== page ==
What are the current challenges and opportunities for democracy and what role can cities and local governments play in advancing democracy in the 21st century?
In a panel discussion organized by the Commonwealth Local Government Forum, International IDEA and LSE Cities, both Helen Clark, Patron of the Commonwealth Local Government Forum and former PM of New Zealand, and International IDEA’s Secretary-General Yves Leterme shared their vision on democracy in the 21st century and the role cities and local governments can play in further advancing the democratic cause while at the same time delivering on the needs of citizens.
“When looking at the global state of democracy today, we are at a critical juncture. On the one hand we see examples of modern democratic backsliding and the corrosion of democracy from within, while on the other hand democracy proves to be remarkably resilient in the long term, with recent democratic transitions in Tunisia and Myanmar as beacons of hope.”
In his intervention, Yves Leterme highlighted some of the main findings from International IDEA’s recent report on The Global State of Democracy.
Looking at the past decades, there are considerable signs of democratic deterioration in several countries and regions. Previous democratic progress has stagnated whilst considerable threats and challenges have emerged, such as the rise of hybrid democracies, populism and nationalism, corruption and state capture, decreasing levels of trust in politics and rising conflict and migration waves. If unaddressed, these threats could endanger the hard-fought gains in new democracies, as well as corrode democratic principles in established democracies.
Nevertheless, from a global and long term perspective, and contradictory to current popular assumption, democracy’s health check is rather optimistic. In a historical perspective, democracy has proven resilient over time: there has been a growth in the number of democracies in which competitive elections determine government power, from only a quarter of the world’s countries in 1975 to two thirds in 2016. Moreover, the number of women in national parliaments increased significantly, although an important and inacceptable deficit still remains. And although the internet and social media boom constitutes an opportunity for democracy, it also contains certain hazards that could possibly undermine it.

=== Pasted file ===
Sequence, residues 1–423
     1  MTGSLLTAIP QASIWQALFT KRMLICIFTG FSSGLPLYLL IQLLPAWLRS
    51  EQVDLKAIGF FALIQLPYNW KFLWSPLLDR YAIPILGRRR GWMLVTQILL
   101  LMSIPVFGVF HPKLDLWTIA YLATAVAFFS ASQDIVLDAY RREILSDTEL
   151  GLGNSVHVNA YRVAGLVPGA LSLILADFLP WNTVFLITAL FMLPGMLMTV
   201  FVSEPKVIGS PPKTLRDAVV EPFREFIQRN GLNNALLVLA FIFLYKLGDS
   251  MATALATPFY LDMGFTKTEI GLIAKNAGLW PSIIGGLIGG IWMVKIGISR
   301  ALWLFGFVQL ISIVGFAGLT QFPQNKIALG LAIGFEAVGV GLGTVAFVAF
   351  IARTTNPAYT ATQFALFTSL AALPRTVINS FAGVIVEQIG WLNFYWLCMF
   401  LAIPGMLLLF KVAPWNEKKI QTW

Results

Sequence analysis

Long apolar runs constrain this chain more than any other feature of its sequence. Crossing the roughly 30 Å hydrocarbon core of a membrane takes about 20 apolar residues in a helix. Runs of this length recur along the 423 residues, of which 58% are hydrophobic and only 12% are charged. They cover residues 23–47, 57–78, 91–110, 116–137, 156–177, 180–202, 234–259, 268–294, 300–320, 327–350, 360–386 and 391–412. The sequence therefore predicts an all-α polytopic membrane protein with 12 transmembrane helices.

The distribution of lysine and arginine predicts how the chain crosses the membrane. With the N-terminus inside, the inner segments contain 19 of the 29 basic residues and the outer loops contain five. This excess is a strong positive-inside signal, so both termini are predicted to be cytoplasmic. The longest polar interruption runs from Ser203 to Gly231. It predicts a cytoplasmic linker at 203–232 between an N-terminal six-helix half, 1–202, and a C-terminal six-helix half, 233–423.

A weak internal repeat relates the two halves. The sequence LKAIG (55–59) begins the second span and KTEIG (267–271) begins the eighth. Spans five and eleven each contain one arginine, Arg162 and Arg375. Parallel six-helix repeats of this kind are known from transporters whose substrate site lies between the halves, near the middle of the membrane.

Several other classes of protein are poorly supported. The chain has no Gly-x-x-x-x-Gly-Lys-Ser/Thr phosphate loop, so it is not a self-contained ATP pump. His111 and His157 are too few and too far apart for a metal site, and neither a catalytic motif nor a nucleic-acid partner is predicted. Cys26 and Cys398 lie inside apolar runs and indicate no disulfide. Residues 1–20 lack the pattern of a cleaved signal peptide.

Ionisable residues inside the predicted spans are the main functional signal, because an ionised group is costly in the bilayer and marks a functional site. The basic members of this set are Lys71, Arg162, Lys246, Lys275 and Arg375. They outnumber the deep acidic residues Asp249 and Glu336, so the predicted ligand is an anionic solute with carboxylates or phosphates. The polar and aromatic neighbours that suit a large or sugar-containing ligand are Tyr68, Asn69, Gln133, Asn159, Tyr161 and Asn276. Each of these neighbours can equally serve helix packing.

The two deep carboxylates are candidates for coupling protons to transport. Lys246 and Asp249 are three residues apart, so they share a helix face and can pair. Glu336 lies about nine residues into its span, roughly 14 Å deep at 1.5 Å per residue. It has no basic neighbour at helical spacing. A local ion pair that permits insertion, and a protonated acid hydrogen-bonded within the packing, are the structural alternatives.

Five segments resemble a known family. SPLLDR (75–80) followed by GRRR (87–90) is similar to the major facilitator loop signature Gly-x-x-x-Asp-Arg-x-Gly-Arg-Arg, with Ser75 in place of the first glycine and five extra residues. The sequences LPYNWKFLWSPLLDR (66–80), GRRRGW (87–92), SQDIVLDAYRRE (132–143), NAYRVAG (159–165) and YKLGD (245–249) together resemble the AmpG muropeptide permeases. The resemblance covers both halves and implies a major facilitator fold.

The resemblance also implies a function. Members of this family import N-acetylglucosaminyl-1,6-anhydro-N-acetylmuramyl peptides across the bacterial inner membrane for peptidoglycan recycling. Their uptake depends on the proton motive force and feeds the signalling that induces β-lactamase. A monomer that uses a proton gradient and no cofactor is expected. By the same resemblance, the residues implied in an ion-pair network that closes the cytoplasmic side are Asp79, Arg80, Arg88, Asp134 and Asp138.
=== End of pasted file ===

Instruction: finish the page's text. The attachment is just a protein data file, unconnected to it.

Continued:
These observations on the state of democracy coincide with an ever increasing global level of urbanization, making the percentage of the world’s population living in urban areas surpass the 50 per cent mark for the first time in history at the beginning of this century.
In an ever urbanizing world, the role of cities and local communities as a level of government and a bedrock for citizen-centric democracy is crucial. Therefore, International IDEA has made available specific tools to citizens, cities and local governments, as well as civil society organizations, following its citizen-led approach to democracy assessments. Among them The Democratic Accountability in Service Delivery Tool and The State of Local Democracy Assessment Framework, both reflecting the importance of cities and local governments in the democratic decision-making process.
It is clear that although democracy faces its challenges, many opportunities also arise. The role urbanization can play in achieving a more citizen-centric democracy is one them, but as with every aspect of democracy, this is a work in progress that will require the effort of many. As Secretary-General Leterme concluded:
“Democracy cannot be taken for granted at any level of governance. Each one of us has a responsibility to build, protect and safeguard democracy, and citizens, civil society, as well as cities and local governments will play a decisive role in these efforts.”